Beat that level - a walkthrough to English

Beginners vs Advanced - for teachers; Learning a language fast - for students; Personal Experience - Liliya Belyaeva.

Teaching Advanced and Beginner Learners

When getting a new student the first thing a teacher does is determine their level and give them a placement test. The majorities of students will have had some kind of language learning background and will be between elementary and upper-intermediate level, but occasionally we encounter complete beginners of fluent advanced students. What are the differences between them and how do we approach teaching these levels?

Beginners

When it comes to teaching beginners it is important to distinguish between real beginners and false beginners. 

Real beginners have never learnt English before. False beginners may have picked up some language naturally, have had some form of language education and will retain that knowledge, however oftenest their memories will not be accurate and they will need further instruction to “unlearn” certain things.
False beginners usually have quicker progress and grasp concepts much faster than real beginners. 

What should we bear in mind when teaching beginners?

  • Create a friendly and supportive atmosphere and reduce the level of anxiety.

  • Foster friendly relationship in the group. It is important for beginners to be able to share their worries and difficulties. 

  • Learning a new language is hard work and students will have their ups and downs. Give them occasional boosts of confidence by doing easier tasks that they are sure to succeed in.

  • Draw their attention to progress and show what they already know in regards to how long they have been studying and what they have learned over that time. Talk about specific skills they have acquired referring to their goals. 

  • Genuinely praise them, encourage to celebrate every minor success.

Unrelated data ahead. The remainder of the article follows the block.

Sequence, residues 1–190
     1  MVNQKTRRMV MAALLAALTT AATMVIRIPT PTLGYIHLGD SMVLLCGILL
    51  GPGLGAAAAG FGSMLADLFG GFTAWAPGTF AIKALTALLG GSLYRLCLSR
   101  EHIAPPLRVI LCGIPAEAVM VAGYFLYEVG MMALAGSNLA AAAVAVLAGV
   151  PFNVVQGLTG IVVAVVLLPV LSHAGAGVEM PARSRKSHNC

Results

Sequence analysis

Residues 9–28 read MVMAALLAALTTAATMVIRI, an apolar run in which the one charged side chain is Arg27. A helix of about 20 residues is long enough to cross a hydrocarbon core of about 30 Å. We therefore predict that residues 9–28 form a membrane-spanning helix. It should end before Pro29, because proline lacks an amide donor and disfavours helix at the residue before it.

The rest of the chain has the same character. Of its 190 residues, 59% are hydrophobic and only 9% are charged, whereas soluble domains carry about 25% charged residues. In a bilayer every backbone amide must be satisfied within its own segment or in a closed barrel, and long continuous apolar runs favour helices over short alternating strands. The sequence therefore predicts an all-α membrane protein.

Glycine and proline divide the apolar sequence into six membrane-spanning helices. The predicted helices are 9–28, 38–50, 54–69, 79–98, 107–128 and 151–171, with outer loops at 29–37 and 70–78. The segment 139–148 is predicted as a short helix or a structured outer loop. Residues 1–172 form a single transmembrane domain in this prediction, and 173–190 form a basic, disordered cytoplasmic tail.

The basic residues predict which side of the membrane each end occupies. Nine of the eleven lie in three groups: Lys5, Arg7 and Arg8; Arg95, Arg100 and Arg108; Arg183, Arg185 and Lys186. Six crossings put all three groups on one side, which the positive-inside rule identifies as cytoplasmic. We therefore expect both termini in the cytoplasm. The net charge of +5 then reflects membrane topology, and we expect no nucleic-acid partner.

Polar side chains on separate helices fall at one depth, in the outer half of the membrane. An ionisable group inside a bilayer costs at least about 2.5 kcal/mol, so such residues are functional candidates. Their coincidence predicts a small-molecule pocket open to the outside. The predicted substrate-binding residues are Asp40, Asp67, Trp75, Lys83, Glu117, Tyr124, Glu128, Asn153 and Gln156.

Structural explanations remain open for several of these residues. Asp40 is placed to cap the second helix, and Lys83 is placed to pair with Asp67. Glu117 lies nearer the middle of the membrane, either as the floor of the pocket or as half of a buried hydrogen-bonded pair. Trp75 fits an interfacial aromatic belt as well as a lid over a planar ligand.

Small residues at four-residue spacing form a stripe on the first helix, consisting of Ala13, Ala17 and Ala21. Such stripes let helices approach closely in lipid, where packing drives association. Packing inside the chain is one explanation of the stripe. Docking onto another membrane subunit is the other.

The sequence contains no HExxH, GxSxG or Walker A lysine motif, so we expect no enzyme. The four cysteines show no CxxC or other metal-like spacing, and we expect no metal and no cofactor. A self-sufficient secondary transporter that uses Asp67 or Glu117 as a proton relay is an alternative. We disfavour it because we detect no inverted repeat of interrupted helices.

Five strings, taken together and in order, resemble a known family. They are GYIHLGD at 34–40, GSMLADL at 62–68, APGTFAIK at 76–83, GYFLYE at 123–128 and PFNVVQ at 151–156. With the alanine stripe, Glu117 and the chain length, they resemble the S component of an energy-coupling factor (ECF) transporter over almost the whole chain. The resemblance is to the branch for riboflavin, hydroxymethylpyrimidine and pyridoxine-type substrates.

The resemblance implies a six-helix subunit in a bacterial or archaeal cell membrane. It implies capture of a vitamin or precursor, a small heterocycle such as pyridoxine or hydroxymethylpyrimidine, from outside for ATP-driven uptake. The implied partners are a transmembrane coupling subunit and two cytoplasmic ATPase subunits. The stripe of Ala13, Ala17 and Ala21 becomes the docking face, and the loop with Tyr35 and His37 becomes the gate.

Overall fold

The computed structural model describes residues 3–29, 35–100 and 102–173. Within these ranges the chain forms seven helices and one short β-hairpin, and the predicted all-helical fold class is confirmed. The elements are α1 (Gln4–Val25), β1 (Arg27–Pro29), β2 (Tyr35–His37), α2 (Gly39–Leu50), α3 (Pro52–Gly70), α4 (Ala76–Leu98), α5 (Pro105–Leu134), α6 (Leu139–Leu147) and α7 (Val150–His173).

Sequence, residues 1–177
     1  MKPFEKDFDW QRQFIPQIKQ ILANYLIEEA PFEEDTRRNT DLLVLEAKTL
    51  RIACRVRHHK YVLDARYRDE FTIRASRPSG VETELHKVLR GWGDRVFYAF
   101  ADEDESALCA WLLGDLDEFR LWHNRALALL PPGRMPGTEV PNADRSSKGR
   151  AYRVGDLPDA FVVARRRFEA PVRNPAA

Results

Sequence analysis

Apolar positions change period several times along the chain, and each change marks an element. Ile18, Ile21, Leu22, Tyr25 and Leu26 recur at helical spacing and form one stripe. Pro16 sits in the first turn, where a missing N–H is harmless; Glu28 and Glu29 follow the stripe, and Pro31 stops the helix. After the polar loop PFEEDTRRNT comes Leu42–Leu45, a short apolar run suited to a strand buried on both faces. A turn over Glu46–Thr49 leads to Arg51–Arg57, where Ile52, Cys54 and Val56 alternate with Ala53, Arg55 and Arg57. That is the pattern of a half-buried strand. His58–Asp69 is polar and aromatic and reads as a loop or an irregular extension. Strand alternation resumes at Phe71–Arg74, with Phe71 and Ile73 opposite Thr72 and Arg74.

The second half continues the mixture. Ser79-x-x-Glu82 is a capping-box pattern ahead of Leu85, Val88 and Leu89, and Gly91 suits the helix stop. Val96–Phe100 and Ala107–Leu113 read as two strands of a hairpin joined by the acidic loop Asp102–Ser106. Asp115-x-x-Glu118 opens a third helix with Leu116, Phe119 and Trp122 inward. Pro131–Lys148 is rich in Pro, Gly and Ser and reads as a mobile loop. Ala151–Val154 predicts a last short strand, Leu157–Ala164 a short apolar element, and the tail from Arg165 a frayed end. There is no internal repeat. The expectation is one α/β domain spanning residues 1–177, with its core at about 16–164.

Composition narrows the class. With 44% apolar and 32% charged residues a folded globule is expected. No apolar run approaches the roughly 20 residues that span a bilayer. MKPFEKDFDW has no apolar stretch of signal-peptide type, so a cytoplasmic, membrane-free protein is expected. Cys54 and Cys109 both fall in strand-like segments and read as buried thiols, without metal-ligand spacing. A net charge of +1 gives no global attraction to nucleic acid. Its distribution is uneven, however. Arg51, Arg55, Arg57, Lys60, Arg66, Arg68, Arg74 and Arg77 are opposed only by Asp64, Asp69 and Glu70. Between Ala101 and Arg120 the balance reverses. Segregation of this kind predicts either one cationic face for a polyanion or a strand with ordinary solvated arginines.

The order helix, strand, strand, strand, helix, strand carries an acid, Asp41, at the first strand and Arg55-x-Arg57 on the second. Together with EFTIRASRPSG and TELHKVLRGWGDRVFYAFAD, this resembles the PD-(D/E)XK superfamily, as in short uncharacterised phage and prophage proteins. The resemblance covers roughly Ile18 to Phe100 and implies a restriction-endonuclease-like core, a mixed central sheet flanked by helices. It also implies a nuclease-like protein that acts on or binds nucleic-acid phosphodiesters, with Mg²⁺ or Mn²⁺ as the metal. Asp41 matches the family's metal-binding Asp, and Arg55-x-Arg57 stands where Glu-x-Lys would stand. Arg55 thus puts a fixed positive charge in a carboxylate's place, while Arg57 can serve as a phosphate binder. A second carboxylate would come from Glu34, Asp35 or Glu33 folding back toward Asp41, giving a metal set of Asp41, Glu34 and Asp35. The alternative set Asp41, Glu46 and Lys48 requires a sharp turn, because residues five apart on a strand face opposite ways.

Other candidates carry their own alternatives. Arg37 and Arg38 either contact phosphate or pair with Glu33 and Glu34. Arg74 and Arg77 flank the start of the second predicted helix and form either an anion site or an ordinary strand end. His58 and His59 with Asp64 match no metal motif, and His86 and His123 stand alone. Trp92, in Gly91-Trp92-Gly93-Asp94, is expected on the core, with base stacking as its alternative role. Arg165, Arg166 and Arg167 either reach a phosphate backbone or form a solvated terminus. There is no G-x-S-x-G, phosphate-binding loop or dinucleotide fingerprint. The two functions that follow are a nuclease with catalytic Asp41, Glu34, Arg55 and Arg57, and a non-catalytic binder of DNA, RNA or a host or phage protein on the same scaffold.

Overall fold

• Discuss various learning strategies. Adult beginners may have forgotten how to study.

  • Ask for students’ feedback, what they find interesting, difficult, what their fears and insecurities are. Give your support and encouragement.

  • Do not rush them, give them enough time to take notes, process new information and practice it.

  • Use colour-coding to attract their attention to important language items.

  • Give clear instructions and drill activities before doing them, for your students may have never encountered these types of tasks before.

  • Make extensive use of Concept Checking Questions

Advanced

Everybody reaches higher levels differently. Some will have had classic training, others not, some will have been exposed to authentic language watching movies, traveling to English speaking countries and using the language for work. Thus, advanced students are the most varied group of learners with completely different gaps in their knowledge.

Because their background is so different, one student may have covered all lower level grammar aspects, while others will have various gaps in need of revision.

In terms of lexis, advanced students have now acquired the basis from which they can move into their own special spheres of interest. Some will be learning English for business purposes; others will have scientific or IT ambitions while still others will have no choice but to attend English lessons even though their interest in the language is minimal.

A typical advanced class will have at least one student of each of these varieties together with several other less predictable types. At higher levels tracking progress is much harder as it is less evident.

  • Learners may feel tired of the same course books or repetitive tasks and topics as they have a lot of experience studying.

  • They get used to doing things their own way and may feel reluctant to using new vocabulary, constructions or grammar.

  • By simply attending lessons students will not experience any real progress and their level may even deteriorate. If they hit learner’s plateau, their motivation will seriously dwindle.

  • Identifying level of improvement is much harder, students may become more passive.

The best way to address these issues is by being creative. When learning grammar focus on the usage rather than form, use texts of various styles and genres and of course utilise various teaching approaches: 

  1. Research projects

  2. Public talks

  3. Peer presentations

  4. CLIL

  5. Lexical approach

  6. Noticing